Twitter’s Chief Technology Officer (CTO) Parag Agrawal is replacing its founder Jack Dorsey at the helm of the social media giant “starting today”, its now former CEO has announced in a tweet.
“The board ran a rigorous process considering all options and unanimously appointed Parag,” Dorsey wrote in a letter to Twitter employees, which he aptly shared in a tweet.
Shares in the social media giant had surged as much as 11 per cent in pre-market trading in the US today, when reports first emerged that Dorsey may be stepping down.
But on the news that Agrawal was stepping into the driving seat, they slumped 2.66 per cent.
In a separate statement released by the company, Dorsey said: “I’ve decided to leave because I believe the company is ready to move on from its founders.
“My trust in Parag as Twitter’s CEO is deep. His work over the past 10 years has been transformational. I’m deeply grateful for his skill, heart, and soul. It’s his time to lead,” he continued.
Parag Agrawal joined Twitter in 2011 as an engineer and was appointed as CTO in October 2017. During his time in the role, he worked on Twitter’s technical strategy, including its rollout of Machine Learning.
He holds a PhD in Computer Science from Stanford University, and a Bachelor’s degrree in Computer Science and Engineering from the Indian Institute of Technology, Bombay.
“Our purpose has never been more important,” Agrawal wrote in his response to Dorsey and Twitter’s employees, which he then shared on Twitter.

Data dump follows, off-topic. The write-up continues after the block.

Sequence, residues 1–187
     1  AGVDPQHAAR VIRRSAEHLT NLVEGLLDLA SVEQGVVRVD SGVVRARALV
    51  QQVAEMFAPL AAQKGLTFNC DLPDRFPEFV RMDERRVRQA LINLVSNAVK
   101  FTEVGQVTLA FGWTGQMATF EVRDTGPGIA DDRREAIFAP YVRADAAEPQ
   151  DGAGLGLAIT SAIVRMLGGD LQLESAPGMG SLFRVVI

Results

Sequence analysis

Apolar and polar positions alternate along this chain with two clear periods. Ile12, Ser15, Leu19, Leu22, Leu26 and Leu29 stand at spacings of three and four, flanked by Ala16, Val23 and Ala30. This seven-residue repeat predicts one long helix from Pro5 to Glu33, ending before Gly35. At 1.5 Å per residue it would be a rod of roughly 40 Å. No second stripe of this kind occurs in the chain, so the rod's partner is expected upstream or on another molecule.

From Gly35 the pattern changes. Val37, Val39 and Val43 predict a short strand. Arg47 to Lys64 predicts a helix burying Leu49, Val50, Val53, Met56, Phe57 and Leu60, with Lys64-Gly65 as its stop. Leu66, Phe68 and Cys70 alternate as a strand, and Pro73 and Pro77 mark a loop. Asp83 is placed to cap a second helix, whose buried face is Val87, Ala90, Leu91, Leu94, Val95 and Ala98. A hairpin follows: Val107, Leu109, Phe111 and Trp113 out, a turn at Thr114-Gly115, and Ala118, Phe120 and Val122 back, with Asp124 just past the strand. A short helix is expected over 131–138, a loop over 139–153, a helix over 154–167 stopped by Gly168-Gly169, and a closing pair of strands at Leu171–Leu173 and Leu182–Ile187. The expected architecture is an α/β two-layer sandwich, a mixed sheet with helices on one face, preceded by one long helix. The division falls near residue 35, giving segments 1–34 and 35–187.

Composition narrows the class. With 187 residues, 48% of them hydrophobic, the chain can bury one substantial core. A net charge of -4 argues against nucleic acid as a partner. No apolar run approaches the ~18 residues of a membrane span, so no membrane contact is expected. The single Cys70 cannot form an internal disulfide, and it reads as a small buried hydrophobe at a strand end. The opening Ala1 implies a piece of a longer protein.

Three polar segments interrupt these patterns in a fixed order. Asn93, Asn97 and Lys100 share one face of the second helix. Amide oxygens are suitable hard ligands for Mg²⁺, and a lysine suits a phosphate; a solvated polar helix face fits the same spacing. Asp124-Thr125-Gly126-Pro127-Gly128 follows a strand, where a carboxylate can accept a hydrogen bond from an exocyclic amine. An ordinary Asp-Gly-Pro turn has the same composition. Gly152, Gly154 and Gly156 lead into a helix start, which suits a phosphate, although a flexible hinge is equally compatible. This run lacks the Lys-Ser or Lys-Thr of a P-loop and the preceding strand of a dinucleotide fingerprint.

“Our people and culture are unlike anything in the world. There is no limit to what we can do together,” he continued.
Twitter stocks surged as much as 10.5 per cent in pre market trading when the first reports emerged that Dorsey was set to step down, while shares rose 3 per cent at digital payments firm Square, where he also fills the CEO seat.
Trading in Twitter’s shares were then suspended ahead of an expected announcement, lifted 4.5 per cent as trading resumed, but then fell back and dropped into the red – suggesting investors weren’t so sold on the news.
“Such has been the consternation surrounding Jack Dorsey’s ‘part-time’ role as CEO Twitter, that it’s little surprise investors initially reacted positively to speculation that he was leaving the platform,” said Susannah Streeter, senior investment and markets analyst, Hargreaves Lansdown.
“But the initial euphoria fizzled out, as the new pick for the driving seat […] appeared to underwhelm investors.”
Last year, activist investor Elliott Management built up a stake in the social media firm, nominated four directors to its board, and tried to oust Dorsey as CEO.
Paul Singer, the billionaire founder of the New York-based hedge fund, said at the time that Dorsey should choose one company to lead.
When the reports first emerged, Dorsey’s last tweet on the microblogging platform read like this …
Agrawal has a significant job on his hands as he steps into the bosses chair at Twitter, after the company ramped up its product innovation and business goals in the last year to fend off competition from social media rivals Facebook and Tik Tok.
Earlier this year, the company said it aimed to have 315m daily active users by the end of 2023, and was aiming for double annual revenue that year.
“We recently updated our strategy to hit ambitious goals, and I believe that strategy to be bold and right,” Agrawal wrote in his email to the company.
“But our critical challenge is how we work to execute against it and deliver results – that’s how we’ll make Twitter the best it can be for our customers, shareholders, and for each of you.”
Founded in 2006, Twitter has grown from being nothing more than a micro-blogging site to one of the most visited websites ever, with more than 330m active monthly users.
Twitter’s influence has grown considerably under Dorsey’s tenure, with the likes of previous US President Donald Trump being permanently banned from the platform after the storming of Congress in January.